We are now in a position to identify the homotopy Morse data (Part I, Sect. 3.3) for Morse functions on complex analytic varieties. Recall that homotopy Morse data is a pair (A, B) which is homotopy equivalent to some choice of Morse data. The importance of homotopy Morse data is the following: Suppose the pair (A, B) is homotopy Morse data for the Morse function f: X → ℝ at the critical point p, with critical value v= f(p). Suppose v ∈(a, b) and that the closed interval [a, b] contains no other critical values of f. Then there exists a continuous map h: BXa such that Xb is homotopy equivalent to the adjunction space Xa B A (see Part I, Sect. 3.3). The identification of homotopy Morse data uses the deepest results of Part I and of Part II, Sect. 2: Theorem 3.5.4 of Part I says that local Morse data is Morse data and Theorem 3.7 of Part I says that local Morse data is the product of tangential Morse data with normal Morse data. So, homotopy Morse data is the product of the homotopy type of the tangential Morse data with the homotopy type of the normal Morse data. The homotopy type of tangential Morse data was identified classically by Morse, Thom, and Bott. It is the pair (D λ ,∂D λ ), where λ denotes the Morse index of the restriction of f to the stratum which contains the critical point p. So, the problem of identifying the homotopy Morse data is reduced to the problem of identifying the homotopy type of the normal Morse data. This was carried out in Sect. 2. In this short chapter we summarize those results.
Mark Goresky, Robert MacPherson

Chapter 4. Morse Theory of the Complex Link

Abstract
This chapter contains the estimates on the connectivity of the Morse data which are necessary for the proofs of the main applications. Since the Morse data is the product of the tangential Morse data with the normal Morse data, this requires estimates on both. The estimates on tangential Morse data are made in terms of the remarkable properties of the Levi form of the Morse function (see the appendix, Sect. 4.A). The normal Morse data is analyzed (inductively) by applying the entire apparatus of Morse theory to the complex link, which is a complex analytic space of smaller dimension.
Mark Goresky, Robert MacPherson

Chapter 5. Proof of the Main Theorems

Without Abstract
Mark Goresky, Robert MacPherson

Chapter 6. Morse Theory and Intersection Homology

Abstract
Many of the results in this chapter appeared first in [GM3].
Mark Goresky, Robert MacPherson

Chapter 7. Connectivity Theorems for q-Defective Pairs

Abstract
The four results in this chapter are generalizations of Theorems 1.1, 1.1*, 1.2, and 1.2*. We will replace the pair (ℂℙ N , L) = (projective space, linear subspace) by the pair (Y, A) = (complex manifold, compact complex submanifold) in the statement of these four theorems. We define the notion of a “q-defective pair”, which implies that the Lefschetz theorem holds for (Y, A) in a range of dimensions which is smaller (by q) than for the pair (ℂℙ N , ℂℙ N−1 ).
Mark Goresky, Robert MacPherson

Chapter 8. Counterexamples

Without Abstract
Mark Goresky, Robert MacPherson

Complements of Affine Subspaces

Frontmatter

Chapter 0. Introduction

Abstract
In this section we consider the topology of the complement
$$ M = {{\mathbb{R}}^{n}} - \bigcup\limits_{{i = 1}}^{m} {{{A}_{i}}} $$
of a finite collection A = {A1, A2,…, A m } of linear affine subspaces of Euclidean space n . (The subspaces can be of arbitrary dimension, and do not necessarily contain the origin.) We give a combinatorial formula for the homology of this complement, which depends only on the partially ordered set P whose elements v are the intersections of the subspaces (ordered by inclusion), and on the dimensions of these “flats” (see Sect. 1.1, “statement of results”). Complements of hyperplanes have received considerable attention during the last ten years ([Ar], [Br], [Ca], [D2], [OS1], [OS2], [Zas]) and a nice survey article on the subject is [Ca]. In the case that the collection A consists of real hyperplanes, our formula reduces to Zaslavsky’s formula [Zas] for the number of connected components of M. If A is the underlying real arrangement of an arrangement of complex hyperplanes in ℂn/2 then our formula reduces to the Orlik-Solomon formula ([OS1]). It is interesting that in this case, the complex structure is irrelevant except that it guarantees that each flat is even-dimensional. In particular, our approach clarifies the connection (as observed in [OS1] and [OS4]) between real and complex arrangements in the following corollary.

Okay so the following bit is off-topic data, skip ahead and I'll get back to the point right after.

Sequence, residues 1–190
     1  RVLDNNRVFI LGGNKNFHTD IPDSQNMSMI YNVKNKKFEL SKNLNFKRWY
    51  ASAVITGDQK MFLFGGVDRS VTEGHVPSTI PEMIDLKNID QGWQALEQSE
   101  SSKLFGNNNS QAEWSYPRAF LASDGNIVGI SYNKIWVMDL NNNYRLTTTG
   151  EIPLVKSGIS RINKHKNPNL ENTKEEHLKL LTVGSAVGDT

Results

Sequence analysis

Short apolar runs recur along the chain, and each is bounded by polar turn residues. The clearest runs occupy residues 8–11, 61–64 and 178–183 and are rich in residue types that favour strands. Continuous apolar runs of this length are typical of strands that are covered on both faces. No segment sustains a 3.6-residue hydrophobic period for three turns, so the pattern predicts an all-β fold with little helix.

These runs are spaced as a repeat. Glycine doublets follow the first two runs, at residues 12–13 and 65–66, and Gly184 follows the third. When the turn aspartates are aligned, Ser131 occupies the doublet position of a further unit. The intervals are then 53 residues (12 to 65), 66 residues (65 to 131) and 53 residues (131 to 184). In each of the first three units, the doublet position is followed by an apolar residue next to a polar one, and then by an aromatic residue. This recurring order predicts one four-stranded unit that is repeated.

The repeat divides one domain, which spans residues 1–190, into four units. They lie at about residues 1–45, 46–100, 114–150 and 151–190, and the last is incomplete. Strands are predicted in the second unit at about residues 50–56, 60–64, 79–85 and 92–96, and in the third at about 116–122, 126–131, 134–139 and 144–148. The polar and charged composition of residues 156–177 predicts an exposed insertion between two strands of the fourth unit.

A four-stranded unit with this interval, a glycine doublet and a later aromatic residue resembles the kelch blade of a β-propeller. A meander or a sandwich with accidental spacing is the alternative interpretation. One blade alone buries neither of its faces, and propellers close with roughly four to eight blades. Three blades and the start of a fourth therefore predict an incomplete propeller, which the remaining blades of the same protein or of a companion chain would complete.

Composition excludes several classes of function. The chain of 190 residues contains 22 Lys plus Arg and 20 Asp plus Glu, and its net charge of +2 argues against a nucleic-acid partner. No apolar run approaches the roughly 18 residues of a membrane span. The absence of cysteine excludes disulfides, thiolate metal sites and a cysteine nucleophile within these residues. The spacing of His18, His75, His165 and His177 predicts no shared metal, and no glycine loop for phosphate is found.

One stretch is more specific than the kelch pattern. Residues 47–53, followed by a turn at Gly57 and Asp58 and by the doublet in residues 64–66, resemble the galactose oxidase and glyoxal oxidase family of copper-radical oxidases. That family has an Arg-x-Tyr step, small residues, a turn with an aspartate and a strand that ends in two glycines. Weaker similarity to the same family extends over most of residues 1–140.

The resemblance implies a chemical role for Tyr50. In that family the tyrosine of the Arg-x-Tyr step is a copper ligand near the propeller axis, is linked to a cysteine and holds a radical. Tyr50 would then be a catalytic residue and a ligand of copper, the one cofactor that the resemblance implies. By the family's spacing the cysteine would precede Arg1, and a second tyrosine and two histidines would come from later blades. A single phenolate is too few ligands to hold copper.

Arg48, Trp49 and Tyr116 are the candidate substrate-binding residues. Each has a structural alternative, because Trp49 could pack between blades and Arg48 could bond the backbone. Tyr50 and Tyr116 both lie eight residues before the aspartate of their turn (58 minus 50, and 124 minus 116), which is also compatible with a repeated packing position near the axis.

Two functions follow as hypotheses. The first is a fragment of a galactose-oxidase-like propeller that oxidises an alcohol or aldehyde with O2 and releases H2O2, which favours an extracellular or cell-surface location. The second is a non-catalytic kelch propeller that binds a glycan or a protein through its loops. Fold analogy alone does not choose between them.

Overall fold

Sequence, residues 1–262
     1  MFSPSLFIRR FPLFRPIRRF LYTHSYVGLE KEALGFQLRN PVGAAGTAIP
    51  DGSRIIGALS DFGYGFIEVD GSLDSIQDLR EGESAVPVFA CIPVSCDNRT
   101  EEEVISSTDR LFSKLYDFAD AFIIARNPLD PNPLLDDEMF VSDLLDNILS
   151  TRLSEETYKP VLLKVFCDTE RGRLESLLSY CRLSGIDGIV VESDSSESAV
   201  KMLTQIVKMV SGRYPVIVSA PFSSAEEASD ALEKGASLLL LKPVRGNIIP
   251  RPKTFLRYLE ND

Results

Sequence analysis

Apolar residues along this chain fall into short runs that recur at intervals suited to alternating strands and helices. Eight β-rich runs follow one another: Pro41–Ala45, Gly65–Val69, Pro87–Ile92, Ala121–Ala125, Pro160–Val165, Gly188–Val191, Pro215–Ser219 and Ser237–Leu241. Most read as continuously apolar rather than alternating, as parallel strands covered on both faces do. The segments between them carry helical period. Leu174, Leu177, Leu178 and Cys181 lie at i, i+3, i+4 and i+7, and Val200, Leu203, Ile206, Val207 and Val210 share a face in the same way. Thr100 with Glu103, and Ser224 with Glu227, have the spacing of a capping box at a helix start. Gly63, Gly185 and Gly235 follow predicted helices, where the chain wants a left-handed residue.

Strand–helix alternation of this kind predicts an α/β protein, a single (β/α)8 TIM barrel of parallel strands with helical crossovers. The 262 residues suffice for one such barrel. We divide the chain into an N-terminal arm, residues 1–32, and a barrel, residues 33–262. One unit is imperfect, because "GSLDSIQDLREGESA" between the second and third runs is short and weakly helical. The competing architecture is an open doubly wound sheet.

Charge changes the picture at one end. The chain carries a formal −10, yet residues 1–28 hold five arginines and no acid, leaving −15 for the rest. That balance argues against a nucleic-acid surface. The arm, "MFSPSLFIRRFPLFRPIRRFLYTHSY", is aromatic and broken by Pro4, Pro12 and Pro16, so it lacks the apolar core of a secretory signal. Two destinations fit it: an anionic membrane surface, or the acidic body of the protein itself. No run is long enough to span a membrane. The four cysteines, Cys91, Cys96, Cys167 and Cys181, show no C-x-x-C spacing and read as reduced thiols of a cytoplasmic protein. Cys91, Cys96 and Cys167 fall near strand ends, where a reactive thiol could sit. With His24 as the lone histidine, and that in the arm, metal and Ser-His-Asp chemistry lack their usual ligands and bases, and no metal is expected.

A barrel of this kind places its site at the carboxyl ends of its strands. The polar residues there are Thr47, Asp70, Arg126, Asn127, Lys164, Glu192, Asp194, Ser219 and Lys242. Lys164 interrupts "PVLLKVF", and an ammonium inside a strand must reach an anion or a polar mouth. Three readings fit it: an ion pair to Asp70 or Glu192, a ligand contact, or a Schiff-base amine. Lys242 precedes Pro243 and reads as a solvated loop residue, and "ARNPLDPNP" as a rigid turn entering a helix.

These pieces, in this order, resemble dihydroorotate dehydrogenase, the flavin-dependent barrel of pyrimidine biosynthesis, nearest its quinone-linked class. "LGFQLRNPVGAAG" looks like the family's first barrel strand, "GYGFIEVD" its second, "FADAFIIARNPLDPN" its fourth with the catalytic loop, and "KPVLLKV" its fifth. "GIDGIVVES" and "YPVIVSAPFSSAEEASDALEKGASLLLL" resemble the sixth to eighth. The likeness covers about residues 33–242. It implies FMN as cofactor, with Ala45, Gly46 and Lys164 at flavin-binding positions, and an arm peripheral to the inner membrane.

Mark Goresky, Robert MacPherson

Chapter 1. Statement of Results

Abstract
(Unless otherwise noted, homology with integer coefficients will be used throughout.) Let Al, A2, Am n be a finite set of affine subspaces (of possibly various dimensions) of Euclidean space and let
$$ M = {{\mathbb{R}}^{n}} - \bigcup\limits_{{i = 1}}^{m} {{{A}_{i}}} $$
be the complement of the union of these subspaces. Associated to this collection of subspaces A there is a partially ordered set P whose elements v correspond to the “flats”,
$$ |\upsilon | = {{A}_{{{{i}_{1}}}}} \cap {{A}_{{{{i}_{2}}}}} \cap ... \cap {{A}_{{{{i}_{r}}}}} $$
partially ordered by inclusion, with one maximal element T corresponding to the ambient space n . We shall use the notation v<w if v and w are distinct elements of P such that the flat |v| is contained in the flat |w|.
Mark Goresky, Robert MacPherson

Chapter 2. Geometry of the Order Complex

Abstract
SupposeI is a partially ordered set with a unique maximal element T.
Mark Goresky, Robert MacPherson

Chapter 3. Morse Theory of ℝ n

Abstract
Throughout this chapter we will fix an arrangement A = {A1A2,…,Am} of affine subspaces of n , let P denote the corresponding partially ordered set of flats which are the intersections of the affine spaces, let T denote the unique maximal element of P corresponding to n , and let K(P)denote the order complex of P. We denote by M = n − ∪ A the space of interest, i.e., the complement of the affine subspaces in A.
Mark Goresky, Robert MacPherson

Chapter 4. Proofs of Theorems B, C, and D

Abstract
Recall that a partially ordered set L is a geometric lattice if
(a)
it has a unique minimal element, 0
 
(b)
for each vLall maximally ordered chains 0 = v0<v1<…<vp = v have the same number of elements, in which case we say the rank of v is p and we write p = r(v).
 
(c)
This function satisfies
$$ r(v \wedge w) + r(v \vee w) \leqslant r(v) + r(w) $$
 
(d)
every element is a join of elements of rank 1
 
Mark Goresky, Robert MacPherson

Chapter 5. Examples

Abstract
Consider the central arrangement A in 3 which consists of the coordinate hyperplanes and a skew line through the origin, as illustrated in the following picture.
Mark Goresky, Robert MacPherson

Backmatter

Weitere Informationen